What is it that made you people not to quarrel?

Husband: It is the grace of God.

Wife: It is the grace of God, and I can’t even remember when we quarrelled or shouted at each other as to make people ask: ‘what are they doing and what is going on?’

What is your idea of reconciling differences if they occur?

Husband: Talking it over. Dialogue is the best way of reconciling differences. Do not say what you are not supposed to say because when you are talking, things would be coming out. Therefore, whatever is the case, they should go into reconciliation. That is what I tell couples when they come to me for counselling or when they have problem. I tell them that the only thing they have to do is to talk it over between them.

Tell us the secret of why this marriage has lasted these 50 years?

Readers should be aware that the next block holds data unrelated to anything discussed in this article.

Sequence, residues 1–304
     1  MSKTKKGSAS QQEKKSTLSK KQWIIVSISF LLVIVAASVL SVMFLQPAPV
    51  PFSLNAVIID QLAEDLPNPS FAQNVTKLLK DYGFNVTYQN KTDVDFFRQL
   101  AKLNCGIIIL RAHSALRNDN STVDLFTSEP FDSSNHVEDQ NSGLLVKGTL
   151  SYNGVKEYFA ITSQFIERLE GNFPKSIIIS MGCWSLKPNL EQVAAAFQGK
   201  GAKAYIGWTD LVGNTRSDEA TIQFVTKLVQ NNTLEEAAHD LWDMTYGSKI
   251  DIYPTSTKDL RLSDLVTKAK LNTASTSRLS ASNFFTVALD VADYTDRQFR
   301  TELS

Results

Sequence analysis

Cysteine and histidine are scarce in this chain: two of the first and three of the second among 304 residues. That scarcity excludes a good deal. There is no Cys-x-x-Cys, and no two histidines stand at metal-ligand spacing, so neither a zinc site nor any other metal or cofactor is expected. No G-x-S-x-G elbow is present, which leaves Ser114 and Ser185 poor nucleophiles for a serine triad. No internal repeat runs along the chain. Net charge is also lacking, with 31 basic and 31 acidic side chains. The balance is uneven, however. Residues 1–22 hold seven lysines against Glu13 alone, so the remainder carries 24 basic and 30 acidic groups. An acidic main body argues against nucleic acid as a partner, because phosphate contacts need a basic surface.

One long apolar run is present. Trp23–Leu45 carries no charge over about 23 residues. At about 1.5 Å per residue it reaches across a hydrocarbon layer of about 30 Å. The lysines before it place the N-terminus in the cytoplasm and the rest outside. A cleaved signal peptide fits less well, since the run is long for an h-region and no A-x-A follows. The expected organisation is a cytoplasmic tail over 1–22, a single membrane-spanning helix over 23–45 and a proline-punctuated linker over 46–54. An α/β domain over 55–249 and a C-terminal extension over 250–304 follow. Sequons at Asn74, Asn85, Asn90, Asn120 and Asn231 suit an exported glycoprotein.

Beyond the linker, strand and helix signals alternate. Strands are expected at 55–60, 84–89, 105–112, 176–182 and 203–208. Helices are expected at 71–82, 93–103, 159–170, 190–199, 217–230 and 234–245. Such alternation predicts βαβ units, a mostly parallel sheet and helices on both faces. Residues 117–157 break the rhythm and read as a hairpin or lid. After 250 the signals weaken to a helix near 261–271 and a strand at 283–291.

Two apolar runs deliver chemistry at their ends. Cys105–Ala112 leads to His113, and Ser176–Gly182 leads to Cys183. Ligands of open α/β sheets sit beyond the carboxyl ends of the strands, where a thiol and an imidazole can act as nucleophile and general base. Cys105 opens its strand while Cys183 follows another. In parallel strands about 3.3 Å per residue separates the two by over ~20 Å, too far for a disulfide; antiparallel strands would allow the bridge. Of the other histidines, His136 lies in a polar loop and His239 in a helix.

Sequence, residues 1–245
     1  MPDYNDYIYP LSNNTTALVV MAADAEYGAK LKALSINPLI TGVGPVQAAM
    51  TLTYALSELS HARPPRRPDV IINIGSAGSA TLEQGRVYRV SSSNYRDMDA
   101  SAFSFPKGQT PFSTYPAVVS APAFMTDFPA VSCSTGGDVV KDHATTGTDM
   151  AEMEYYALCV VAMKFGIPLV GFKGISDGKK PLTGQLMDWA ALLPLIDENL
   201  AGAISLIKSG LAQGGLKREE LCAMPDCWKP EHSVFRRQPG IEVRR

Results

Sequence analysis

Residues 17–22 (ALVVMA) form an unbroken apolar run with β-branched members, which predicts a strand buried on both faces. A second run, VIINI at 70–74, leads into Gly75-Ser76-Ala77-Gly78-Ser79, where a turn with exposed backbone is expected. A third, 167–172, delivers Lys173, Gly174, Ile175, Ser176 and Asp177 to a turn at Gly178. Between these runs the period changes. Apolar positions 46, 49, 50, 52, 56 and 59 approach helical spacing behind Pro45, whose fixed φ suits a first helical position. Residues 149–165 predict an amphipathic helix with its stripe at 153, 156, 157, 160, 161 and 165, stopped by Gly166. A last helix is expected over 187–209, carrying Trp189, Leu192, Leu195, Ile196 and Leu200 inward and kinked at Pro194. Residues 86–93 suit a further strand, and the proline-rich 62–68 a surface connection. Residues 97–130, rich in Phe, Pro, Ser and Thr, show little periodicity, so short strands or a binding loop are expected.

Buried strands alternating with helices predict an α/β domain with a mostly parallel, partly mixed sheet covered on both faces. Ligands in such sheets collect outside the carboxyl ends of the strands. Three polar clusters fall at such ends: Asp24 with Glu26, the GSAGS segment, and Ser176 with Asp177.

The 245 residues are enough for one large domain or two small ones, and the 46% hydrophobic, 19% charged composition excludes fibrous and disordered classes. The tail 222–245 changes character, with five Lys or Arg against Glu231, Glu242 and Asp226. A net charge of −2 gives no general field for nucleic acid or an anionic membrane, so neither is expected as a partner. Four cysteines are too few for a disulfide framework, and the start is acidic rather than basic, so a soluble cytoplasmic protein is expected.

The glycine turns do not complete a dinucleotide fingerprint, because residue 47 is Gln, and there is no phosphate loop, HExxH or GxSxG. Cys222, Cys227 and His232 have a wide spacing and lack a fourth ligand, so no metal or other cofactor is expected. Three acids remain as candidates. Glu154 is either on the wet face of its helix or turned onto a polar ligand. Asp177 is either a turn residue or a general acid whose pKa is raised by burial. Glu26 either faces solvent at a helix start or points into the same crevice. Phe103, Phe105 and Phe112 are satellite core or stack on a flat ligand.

Wife: One of the things that destroy marriage is suspicion. He was in the Inspection Department for many years, which made him to travel all over the country, and I was at Aba then and Lagos. Some men would suspect their wives that they would do this, or the wives would suspect that their husbands go out with other women.

There was no such thing between us. I know that if he goes out, he would come back, and there is no problem. So, that suspicion is not there; this is one of the reasons many marriages collapse. Some wives when their husbands come back from work or from a trip, they would jack them and ask, ‘how many women did you sleep with, while you were away?’ Once there is no suspicion, the marriage would move on very well.